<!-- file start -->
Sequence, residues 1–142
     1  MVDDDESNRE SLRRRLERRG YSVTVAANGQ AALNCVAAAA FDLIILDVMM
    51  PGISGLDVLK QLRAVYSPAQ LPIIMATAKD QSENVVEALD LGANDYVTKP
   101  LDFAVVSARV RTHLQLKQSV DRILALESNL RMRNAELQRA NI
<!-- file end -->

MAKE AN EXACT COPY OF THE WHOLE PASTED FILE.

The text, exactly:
Sequence, residues 1–142
     1  MVDDDESNRE SLRRRLERRG YSVTVAANGQ AALNCVAAAA FDLIILDVMM
    51  PGISGLDVLK QLRAVYSPAQ LPIIMATAKD QSENVVEALD LGANDYVTKP
   101  LDFAVVSARV RTHLQLKQSV DRILALESNL RMRNAELQRA NI